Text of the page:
The postcolonial condition

Research output: Chapter in Book/Report/Conference proceedingChapter

9 Scopus citations


The notion of the postcolonial gained currency as a category of experience in the Western academy during the 1980s, roughly two decades after decolonization in Africa, in the wake of Edward Said’s seminal work Orientalism (1978). Said’s impressive survey of Western representations of the Orient inspired critics and theorists across many fields because of the way he linked up the politics of institutions and discursive formations with the cultural use of power and knowledge. This English literature professor of Palestinian origin helped initiate a paradigmatic shift away from criticism narrowly focused on texts and their formal aspects to the study of literature in its multiple contexts. This broadening of the critic’s scope to allow for a consideration of the dynamics of empire was consolidated over the next decade with a number of collaborative efforts of which The Empire Writes Back: Theory and Practice in Post-Colonial Literatures (1989) by Bill Ashcroft, Gareth Griffiths, and Helen Tiffin stands out as a noteworthy example. Rhetorical features of postcolonial discourse such as mimicry and hybridity proposed in The Empire Writes Back were subsequently expanded and refined by critics such as Homi Bhabha in The Location of Culture (1994). Bhabha and the authors of The Empire Writes Back were also professors of English, which signals how important English departments were in shaping the emergence of postcolonial studies, but it is also useful to remember that French post-structuralism provided much of the theoretical basis from which they developed their common project.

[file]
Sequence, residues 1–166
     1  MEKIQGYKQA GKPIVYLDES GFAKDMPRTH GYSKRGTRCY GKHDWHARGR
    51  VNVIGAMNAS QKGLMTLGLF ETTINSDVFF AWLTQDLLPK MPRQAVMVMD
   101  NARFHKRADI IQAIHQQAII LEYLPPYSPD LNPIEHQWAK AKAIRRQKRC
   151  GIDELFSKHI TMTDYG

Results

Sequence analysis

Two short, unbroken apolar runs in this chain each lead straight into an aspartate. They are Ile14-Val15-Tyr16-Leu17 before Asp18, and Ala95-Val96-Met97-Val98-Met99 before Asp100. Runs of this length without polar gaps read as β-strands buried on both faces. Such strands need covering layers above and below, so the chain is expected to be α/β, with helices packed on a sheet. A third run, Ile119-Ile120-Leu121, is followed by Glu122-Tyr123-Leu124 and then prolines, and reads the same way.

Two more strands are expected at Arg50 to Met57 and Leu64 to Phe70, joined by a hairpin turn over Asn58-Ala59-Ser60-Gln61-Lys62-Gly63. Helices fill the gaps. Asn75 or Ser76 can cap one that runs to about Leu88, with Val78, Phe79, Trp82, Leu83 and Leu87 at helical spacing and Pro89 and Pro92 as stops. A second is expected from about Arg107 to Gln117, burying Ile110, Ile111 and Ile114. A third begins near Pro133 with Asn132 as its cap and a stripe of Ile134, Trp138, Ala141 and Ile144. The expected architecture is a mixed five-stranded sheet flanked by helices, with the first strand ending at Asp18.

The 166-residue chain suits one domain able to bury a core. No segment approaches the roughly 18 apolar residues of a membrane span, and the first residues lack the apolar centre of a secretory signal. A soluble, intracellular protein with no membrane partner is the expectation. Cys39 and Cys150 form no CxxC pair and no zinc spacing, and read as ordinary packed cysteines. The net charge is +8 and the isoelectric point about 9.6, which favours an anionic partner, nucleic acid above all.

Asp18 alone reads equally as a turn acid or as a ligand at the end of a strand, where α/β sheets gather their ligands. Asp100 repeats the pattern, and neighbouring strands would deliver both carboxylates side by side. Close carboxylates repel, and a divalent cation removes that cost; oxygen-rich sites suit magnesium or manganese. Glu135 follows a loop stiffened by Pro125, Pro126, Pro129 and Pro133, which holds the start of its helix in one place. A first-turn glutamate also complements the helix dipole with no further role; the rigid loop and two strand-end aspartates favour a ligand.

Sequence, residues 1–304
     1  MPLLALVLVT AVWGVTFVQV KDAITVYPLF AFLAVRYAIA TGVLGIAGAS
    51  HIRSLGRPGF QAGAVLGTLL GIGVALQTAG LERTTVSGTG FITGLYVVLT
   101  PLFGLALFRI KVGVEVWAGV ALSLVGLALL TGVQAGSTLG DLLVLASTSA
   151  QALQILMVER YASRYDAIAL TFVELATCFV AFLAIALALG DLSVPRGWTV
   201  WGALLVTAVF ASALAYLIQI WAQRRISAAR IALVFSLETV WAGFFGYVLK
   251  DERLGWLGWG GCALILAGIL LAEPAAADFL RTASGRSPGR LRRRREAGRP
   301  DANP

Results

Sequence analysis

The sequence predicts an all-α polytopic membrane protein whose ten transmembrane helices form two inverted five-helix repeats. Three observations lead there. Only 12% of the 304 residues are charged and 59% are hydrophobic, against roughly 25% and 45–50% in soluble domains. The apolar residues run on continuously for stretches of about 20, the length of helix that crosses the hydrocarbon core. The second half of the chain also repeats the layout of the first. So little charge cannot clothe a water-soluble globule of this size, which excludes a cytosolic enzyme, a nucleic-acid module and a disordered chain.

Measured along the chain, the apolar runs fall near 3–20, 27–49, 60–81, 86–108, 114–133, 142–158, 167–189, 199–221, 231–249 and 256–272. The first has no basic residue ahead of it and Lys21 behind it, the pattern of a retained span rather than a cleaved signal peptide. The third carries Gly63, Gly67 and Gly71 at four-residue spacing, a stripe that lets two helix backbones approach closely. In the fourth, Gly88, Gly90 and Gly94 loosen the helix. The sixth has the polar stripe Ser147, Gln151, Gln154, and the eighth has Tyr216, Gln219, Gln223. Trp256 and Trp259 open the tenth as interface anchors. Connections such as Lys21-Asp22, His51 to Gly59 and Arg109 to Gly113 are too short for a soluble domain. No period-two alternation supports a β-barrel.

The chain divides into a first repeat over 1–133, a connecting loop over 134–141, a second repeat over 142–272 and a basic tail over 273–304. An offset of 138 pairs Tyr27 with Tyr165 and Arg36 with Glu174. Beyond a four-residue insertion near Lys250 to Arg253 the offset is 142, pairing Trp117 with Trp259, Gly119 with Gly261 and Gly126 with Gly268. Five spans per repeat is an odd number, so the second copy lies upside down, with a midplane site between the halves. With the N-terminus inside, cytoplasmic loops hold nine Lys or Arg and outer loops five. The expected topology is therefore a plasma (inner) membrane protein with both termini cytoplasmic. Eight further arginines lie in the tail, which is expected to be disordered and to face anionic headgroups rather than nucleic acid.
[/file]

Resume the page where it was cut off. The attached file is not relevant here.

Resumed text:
Original languageEnglish (US)
Title of host publicationThe Cambridge Companion to
Subtitle of host publicationThe African Novel
PublisherCambridge University Press
Number of pages18
ISBN (Electronic)9781139002608
ISBN (Print)9780521855600
StatePublished - Jan 1 2009

ASJC Scopus subject areas

  • General Arts and Humanities


Dive into the research topics of 'The postcolonial condition'. Together they form a unique fingerprint.

Cite this